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SIC program expands due to increased applications

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The directors of the Student Initiated Courses (SIC) program increased the number of program coordinators and the overseeing faculty committee this year to address the rise in applications received so far.

SERENITY NGUYEN/The Stanford Daily

SIC– a student-led program that allows students, with a faculty adviser to create and teach their own courses for up to 20 students– will close applications for new courses proposals today. Program Director Ernestine Fu ’13 already expects more courses this year than last year.

“I would say that we want to keep the number of courses at 15 maximum, but we are not going to reject an application based on a quota,” Fu said. Last year the group received just below 50 applications.

Along with the rise in applications this year, a new change to the program requires student teachers to attend three workshops– instead of two– led by the Center for Teaching and Learning. The workshops provide students with professional training that helps them develop their courses, create a syllabus and develop public speaking skills.

“These are the same workshops that Stanford professors themselves have to go through, and so do course assistants and teaching assistants,” Fu said. “I think that it’s important.”

Although the faculty committee that selects and reviews the applications for SIC encouraged a mechanism for students to provide feedback at the end of each class session, Fu said such a system has not been established yet.

“There isn’t really a formal process for having student-initiated course leaders get together and actually collaborate with one another,” she said. “But it is required to have a faculty adviser, someone who’s on staff and teaches at Stanford, who they can work with to ensure that the class is going well.”

While Fu acknowledged the recommendation for an established feedback system, she also recognized that the current freedom provided by SIC is what attracts students, including her, to the program.

Before becoming program director, Fu initiated a course on entrepreneurship last winter called The Startup Workshop: Entrepreneurship through the Lens of Venture Capital, which allowed her students to interact with high-profile individuals such as Evan Williams, co-founder of Blogger and Twitter.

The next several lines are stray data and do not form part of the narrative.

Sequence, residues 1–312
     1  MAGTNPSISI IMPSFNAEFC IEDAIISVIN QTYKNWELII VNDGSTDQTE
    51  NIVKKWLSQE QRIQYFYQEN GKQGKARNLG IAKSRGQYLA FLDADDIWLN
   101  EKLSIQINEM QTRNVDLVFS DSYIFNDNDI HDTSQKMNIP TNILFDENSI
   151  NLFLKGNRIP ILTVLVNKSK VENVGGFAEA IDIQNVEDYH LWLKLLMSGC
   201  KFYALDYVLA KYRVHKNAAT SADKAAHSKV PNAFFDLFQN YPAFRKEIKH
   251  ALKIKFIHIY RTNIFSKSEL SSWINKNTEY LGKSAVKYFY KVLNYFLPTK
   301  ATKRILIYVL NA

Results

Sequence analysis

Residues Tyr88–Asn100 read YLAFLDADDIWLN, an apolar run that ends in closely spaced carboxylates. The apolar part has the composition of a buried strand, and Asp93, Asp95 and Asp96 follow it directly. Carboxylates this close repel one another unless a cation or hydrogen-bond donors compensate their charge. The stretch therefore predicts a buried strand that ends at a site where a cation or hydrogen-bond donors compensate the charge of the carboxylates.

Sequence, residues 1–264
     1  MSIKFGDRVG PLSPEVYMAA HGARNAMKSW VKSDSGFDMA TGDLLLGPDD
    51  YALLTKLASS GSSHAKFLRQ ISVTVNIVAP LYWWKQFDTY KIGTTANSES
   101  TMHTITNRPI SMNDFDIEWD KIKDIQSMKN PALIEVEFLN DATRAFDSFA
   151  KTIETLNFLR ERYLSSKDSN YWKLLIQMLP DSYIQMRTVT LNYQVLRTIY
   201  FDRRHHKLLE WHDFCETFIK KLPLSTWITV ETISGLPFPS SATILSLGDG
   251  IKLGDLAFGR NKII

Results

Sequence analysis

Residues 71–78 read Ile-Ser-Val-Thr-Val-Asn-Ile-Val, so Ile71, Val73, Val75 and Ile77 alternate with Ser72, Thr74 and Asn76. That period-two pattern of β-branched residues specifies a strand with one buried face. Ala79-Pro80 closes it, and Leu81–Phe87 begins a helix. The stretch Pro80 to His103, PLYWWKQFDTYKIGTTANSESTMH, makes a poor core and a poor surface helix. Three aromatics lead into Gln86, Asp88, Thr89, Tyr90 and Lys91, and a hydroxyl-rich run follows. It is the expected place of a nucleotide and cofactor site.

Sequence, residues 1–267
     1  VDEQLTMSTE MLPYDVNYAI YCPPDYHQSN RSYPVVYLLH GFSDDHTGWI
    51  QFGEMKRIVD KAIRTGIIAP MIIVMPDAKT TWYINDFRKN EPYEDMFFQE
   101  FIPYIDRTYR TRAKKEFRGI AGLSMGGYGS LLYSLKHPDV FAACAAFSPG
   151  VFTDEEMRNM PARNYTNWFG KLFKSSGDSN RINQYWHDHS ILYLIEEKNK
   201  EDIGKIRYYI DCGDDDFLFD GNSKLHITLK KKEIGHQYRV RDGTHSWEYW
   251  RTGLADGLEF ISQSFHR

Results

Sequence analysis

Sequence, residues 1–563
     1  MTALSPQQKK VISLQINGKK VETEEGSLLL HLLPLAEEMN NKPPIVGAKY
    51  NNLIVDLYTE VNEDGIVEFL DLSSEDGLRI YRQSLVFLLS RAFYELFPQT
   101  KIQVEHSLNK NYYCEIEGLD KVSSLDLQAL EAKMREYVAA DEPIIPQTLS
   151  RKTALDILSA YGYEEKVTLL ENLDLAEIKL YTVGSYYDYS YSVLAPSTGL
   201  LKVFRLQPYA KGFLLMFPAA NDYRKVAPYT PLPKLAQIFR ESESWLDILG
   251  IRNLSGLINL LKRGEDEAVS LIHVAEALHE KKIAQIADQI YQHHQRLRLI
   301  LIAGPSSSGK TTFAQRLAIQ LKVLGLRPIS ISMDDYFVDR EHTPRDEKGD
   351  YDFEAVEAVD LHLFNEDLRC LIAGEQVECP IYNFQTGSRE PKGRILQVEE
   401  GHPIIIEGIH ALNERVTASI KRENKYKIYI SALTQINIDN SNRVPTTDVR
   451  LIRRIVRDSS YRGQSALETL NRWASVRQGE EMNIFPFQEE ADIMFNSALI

Fu’s experience working at a venture capital firm motivated her to create a class where students could discuss current issues that startups were facing in a more intimate environment, as in introductory seminars.

A.J. Sugarman ’14, who taught The U.S. Military and International Security with Matthew Colford ’14, was also inspired to lead his course after seeing the value of the program. Both Sugarman and Colford took the class in their freshman year and offered to teach it the following year.

“I really felt that the SIC program offered a way to both address a gap in the Stanford curriculum– the dearth of courses covering the military– and to take advantage of a largely untapped resource, the military fellows at [the Hoover Institution] and [the Center for International Security and Cooperation],” Sugarman explained.

Faculty advisers also believe in the benefits of the program.

Jody Maxmin, associate professor of classics and art and art history, spoke highly of Beginner Ceramics, for which she has served as the faculty adviser since its inception in the spring of 2011. As a faculty adviser, she believes her role to be minimal and regards the student teachers as young colleagues.

“I am so deeply impressed and touched by the way these students, without any supervision… contributed heart and soul to teach pottery on campus,” she said. “These classes are taught by enthusiastic, smart undergraduates…It’s more than I thought would ever happen.”

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